HistoryIn the late 1990s, the US Navy decided to replace its venerable CH-46 Sea Knight helicopters. After sea demonstrations by a converted UH-60, the Navy awarded a production contract for the CH-60S. The variant first flew on 27 January 2000 and it began flight testing later that year. The CH-60S was redesignated MH-60S in February 2001 to reflect its planned multi-mission use. The MH-60S is based on the US Army’s UH-60L and has many naval SH-60 features. Unlike all other Navy H-60s, the MH-60S is not based on the original S-70B/SH-60B platform with its forward-mounted twin tail-gear and single starboard sliding cabin door. Instead, the S-model is a hybrid, featuring the main fuselage of the S-70A/UH-60, with large sliding doors on both sides of the cabin and a single aft-mounted tail wheel; and the engines, drivetrain and rotors of the S-70B/SH-60.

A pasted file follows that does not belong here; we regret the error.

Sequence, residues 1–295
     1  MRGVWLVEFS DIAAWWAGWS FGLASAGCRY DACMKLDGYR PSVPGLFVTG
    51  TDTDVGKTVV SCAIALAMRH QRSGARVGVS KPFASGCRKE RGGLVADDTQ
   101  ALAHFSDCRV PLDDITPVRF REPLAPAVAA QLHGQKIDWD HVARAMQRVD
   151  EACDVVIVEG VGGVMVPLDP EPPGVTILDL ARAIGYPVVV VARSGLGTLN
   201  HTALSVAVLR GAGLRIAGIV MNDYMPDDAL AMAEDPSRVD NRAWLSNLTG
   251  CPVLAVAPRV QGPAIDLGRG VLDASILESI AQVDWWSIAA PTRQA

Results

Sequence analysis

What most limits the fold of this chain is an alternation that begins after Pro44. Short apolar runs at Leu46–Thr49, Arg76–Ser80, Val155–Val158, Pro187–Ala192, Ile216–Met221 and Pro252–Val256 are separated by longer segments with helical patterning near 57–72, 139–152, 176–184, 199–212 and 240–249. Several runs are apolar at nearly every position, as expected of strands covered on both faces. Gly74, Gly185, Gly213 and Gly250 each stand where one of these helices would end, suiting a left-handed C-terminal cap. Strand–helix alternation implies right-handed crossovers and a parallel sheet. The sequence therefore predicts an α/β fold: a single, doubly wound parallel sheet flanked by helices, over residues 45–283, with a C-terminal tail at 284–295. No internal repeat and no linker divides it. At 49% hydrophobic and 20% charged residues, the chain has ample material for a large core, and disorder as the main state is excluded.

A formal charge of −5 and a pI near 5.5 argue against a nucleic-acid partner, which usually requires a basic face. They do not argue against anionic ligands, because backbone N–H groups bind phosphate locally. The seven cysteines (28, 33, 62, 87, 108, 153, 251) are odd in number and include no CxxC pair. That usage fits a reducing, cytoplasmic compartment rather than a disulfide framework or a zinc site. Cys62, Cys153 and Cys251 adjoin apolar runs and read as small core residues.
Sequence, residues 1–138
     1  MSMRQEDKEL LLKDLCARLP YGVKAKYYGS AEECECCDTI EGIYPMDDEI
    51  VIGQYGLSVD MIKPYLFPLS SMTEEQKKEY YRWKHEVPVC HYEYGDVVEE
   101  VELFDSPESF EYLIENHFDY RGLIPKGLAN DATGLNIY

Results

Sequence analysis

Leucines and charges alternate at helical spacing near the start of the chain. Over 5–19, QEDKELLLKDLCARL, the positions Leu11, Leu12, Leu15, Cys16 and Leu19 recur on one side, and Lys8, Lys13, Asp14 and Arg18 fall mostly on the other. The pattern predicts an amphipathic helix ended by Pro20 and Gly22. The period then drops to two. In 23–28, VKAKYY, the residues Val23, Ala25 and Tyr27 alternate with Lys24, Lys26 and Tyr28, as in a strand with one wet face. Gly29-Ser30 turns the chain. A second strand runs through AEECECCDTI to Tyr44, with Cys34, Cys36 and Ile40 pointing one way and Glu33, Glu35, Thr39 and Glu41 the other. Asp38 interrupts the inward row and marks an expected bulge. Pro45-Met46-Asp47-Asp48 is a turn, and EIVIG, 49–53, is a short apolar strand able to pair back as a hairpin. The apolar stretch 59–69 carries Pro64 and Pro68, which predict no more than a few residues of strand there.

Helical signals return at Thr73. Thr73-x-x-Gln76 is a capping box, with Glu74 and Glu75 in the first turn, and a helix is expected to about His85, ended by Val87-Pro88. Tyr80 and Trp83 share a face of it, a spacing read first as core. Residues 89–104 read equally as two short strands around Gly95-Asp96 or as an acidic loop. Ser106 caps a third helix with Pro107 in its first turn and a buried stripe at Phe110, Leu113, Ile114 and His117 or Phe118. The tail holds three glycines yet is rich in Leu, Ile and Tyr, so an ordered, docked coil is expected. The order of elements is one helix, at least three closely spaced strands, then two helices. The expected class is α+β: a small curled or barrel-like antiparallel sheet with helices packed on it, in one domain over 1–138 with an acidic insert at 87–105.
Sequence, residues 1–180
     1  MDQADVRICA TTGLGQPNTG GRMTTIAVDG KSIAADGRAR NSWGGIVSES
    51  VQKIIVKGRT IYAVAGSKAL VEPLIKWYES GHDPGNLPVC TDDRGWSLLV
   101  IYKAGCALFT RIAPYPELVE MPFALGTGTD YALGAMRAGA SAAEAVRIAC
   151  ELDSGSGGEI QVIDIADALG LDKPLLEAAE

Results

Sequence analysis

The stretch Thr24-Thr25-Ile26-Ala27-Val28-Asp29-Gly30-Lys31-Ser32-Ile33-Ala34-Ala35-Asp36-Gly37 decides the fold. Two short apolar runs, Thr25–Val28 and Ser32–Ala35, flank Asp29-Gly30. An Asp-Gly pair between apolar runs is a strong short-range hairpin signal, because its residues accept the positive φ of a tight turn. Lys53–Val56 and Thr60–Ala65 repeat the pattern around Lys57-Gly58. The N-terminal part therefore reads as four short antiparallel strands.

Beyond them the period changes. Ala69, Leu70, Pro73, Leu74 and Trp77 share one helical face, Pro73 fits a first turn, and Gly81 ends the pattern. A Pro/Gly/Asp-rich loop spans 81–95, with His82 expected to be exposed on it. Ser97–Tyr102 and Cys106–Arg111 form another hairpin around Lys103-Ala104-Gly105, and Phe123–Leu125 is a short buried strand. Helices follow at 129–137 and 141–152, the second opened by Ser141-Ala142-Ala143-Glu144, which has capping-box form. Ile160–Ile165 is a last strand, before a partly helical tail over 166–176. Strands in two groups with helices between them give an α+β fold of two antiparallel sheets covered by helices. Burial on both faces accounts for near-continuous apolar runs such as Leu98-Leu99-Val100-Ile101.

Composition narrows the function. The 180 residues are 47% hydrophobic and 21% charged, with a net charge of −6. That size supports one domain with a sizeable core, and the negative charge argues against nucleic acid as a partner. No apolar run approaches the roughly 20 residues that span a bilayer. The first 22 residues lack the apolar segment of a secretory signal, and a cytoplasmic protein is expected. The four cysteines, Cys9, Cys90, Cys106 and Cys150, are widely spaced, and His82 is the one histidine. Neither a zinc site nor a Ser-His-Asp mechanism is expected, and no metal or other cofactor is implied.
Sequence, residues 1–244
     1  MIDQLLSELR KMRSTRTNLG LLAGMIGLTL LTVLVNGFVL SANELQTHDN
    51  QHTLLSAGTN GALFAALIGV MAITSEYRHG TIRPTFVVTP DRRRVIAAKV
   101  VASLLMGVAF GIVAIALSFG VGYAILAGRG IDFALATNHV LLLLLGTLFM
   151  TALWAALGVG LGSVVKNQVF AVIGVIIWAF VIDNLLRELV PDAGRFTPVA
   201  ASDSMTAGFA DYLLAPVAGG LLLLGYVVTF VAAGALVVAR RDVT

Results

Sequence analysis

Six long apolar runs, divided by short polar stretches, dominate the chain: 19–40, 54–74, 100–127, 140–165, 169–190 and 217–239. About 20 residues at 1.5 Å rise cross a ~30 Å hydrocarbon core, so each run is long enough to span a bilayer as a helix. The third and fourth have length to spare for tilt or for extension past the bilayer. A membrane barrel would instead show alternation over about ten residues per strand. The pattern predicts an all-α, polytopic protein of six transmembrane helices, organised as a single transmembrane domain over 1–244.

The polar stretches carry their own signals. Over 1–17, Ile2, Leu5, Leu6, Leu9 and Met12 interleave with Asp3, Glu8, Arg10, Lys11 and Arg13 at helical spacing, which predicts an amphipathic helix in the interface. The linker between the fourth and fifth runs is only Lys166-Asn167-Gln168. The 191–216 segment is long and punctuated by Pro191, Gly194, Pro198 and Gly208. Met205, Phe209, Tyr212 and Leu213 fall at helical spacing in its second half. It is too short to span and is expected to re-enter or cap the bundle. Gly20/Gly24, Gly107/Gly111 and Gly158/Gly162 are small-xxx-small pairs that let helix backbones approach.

The MH-60S is deployed aboard aircraft carriers, amphibious assault ships, Maritime Sealift Command ships, and fast combat support ships. Its missions include vertical replenishment, medical evacuation, CSAR (Combat Search And Rescue), ASW (Anti-Surface Warfare), maritime interdiction, CAS (Close Air Support), ISR (intelligence, surveillance and reconnaissance), and special warfare support. The primary means of defense is with the M60D or M240D/H machine guns. An Armed Helo Kit based on the Army's MH-60L DAP was developed to accommodate Hellfire missiles, Hydra 70 2.75 inch rockets, or larger guns. GAU-21 .50 cal machine guns can also be carried in the rear cargo door openings. The MH-60S can also be equipped with a nose mounted Forward-Looking InfraRed (FLIR) turret; it also carries the ALQ-144 Infrared Jammer.
The MH-60S is unofficially known as the "Knight Hawk", referring to the preceding Sea Knight, though "Sea Hawk" is its official DoD name.